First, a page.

By September, the Bank of England could only secure gold on the open market by paying a price above £4.2479 (Samuel Montagu and Co. 1931). This episode of higher prices came to a close on 15 January 1930, when the Bank of France changed its policy and accepted the lower fineness, resulting in the quantity of gold being shipped to France increasing dramatically as London’s limited refining capacity no longer constrained supply (Samuel Montagu and Co. 1932).
The end (again) of the gold standard
On 20 September 1931, the Treasury announced that it had advised Britain to depart the Gold Standard (UK Government, 1932) and a bill was debated on Monday 21 September at 4pm (FT, 1932). However, on the morning of 21 September, before the vote, gold fell in value from £4.2479 to £4.2406 per fine troy ounce.
As it was generally accepted that Britain would depart the Gold Standard, and this would result in an increase in the sterling gold price, at first glance, this seems peculiar. Who would sell at the lower price knowing it would increase the following day? The price that was fixed on the morning after the vote was £4.9792 – a rise of over 17%. By the end of the week, the gold price was fixed at £5.7375 – a rise of over 27%.
The London market had moved to a 99.5% pure basis in 1919 with the commencement of the Fixing, in order to come into line with other major markets.
The fall in price on the day of the vote seems to have been due to the fact that the value quoted was marked as ‘Nom’, which indicates a day when no trading took place on the Fixing. The published price for that day would have been the US dollar gold price converted into sterling at that day’s exchange rate, as determined by NM Rothschild & Sons.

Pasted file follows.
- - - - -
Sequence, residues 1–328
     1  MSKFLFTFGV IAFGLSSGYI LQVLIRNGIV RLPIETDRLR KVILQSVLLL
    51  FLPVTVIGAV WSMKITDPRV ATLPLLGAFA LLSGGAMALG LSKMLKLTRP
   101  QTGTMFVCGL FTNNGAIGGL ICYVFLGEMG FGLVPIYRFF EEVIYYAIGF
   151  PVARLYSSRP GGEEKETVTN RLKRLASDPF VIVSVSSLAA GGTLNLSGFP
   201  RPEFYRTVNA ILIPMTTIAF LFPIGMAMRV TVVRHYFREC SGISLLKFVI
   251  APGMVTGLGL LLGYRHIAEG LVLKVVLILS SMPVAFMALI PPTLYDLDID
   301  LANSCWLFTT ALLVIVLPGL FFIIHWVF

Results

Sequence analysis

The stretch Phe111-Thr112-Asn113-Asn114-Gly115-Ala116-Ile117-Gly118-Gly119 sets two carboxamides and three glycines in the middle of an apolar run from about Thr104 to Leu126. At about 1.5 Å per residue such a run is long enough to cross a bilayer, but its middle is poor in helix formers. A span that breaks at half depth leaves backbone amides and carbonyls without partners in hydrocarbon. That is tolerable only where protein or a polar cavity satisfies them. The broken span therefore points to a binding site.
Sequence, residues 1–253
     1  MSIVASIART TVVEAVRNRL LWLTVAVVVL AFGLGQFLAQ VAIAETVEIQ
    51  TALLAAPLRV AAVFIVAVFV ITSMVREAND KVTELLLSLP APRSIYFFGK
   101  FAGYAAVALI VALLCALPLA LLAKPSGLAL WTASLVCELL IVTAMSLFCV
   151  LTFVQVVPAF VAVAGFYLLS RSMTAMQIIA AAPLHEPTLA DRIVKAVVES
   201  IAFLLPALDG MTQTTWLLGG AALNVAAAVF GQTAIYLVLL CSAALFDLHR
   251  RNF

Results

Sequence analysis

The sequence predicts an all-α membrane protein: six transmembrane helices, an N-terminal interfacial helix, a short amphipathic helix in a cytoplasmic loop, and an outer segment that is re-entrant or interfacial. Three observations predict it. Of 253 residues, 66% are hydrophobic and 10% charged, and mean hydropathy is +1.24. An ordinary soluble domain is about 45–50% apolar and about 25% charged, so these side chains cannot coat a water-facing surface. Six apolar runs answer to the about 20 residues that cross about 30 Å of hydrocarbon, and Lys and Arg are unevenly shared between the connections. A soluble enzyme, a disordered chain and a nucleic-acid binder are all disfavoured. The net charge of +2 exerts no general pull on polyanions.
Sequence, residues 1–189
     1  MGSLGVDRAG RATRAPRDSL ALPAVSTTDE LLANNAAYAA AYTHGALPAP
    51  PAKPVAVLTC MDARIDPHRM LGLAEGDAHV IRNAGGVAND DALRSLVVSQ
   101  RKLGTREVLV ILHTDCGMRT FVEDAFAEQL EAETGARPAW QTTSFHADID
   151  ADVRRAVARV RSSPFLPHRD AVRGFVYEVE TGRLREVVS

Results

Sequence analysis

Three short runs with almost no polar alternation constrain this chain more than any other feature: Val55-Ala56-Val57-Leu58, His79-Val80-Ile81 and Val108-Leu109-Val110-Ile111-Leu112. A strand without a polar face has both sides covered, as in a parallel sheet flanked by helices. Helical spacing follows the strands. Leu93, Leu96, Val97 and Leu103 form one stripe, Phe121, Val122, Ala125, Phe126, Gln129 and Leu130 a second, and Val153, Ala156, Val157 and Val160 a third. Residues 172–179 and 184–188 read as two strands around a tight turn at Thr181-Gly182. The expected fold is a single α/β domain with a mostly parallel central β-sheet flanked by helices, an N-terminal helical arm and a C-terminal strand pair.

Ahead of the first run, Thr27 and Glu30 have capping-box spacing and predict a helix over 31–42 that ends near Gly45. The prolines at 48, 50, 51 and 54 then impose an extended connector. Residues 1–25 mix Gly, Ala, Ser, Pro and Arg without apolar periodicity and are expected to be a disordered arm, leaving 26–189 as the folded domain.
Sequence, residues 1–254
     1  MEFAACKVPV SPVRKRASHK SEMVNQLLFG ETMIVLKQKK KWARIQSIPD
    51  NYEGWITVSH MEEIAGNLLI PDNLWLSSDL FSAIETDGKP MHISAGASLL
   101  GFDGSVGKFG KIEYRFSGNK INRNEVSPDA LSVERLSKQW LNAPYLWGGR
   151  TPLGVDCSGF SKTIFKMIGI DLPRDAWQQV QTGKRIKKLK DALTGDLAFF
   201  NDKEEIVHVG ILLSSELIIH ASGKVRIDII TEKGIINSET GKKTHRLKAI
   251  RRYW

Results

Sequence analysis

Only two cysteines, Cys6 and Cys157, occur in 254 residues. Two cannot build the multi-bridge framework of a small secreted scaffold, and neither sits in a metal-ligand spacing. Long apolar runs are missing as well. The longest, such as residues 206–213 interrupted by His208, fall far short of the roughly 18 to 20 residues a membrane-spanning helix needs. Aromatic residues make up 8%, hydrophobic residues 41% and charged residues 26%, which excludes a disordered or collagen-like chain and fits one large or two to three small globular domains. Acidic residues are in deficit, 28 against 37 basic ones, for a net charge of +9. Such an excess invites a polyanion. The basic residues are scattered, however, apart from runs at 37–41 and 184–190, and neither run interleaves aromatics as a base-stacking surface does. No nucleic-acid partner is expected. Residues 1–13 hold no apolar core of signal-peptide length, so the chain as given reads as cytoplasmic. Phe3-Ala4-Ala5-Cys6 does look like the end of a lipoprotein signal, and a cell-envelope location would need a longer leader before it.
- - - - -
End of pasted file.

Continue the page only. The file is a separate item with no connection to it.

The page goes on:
The price on 22 September was also Nom, indicating that gold trading did not recommence until 23 September, when the gold price fixed at £5 per fine troy ounce.
1. Prices on the London Market at this time were quoted in pounds, shillings and pence, all figures referenced here are quoted in modern decimalised pounds sterling.
Ally, Russel. 1994. Gold and Empire: The Bank of England and South Africa’s Gold Producers 1886-1926. Johannesburg: Witwatersrand Univ. Press.
FT. 1932. “House of Commons Debate on Leaving the Gold Standard.” Financial Times, September 22, 5.
Government, HM. 1932. Treasury Statement for the Press on Britain Leaving the Gold Standard. London: The National Archives.
Harvey, R. 2008. Duty to Firm and Market: The Subnational and Sociocultural Constitution of the London Gold Fixing, a Global Financial Market. THE UNIVERSITY OF CHICAGO.
Samuel Montagu and Co. 1931. Annual Bullion Letter 1930.
Samuel Montagu and Co. 1932. Annual Bullion Letter 1931.
Fergal O’Connor is a lecturer in Finance at Cork University Business School and was previously a lecturer at the University of York. His research on Precious Metals began when he was awarded the 2011 LBMA PhD Bursary for the study of the London Gold Market and he has gone on to publish a range of research on the topic. Currently, his research focuses on building a clear picture of the operation of London Bullion Market from its inception in 1919, as well as a daily price series for gold and silver.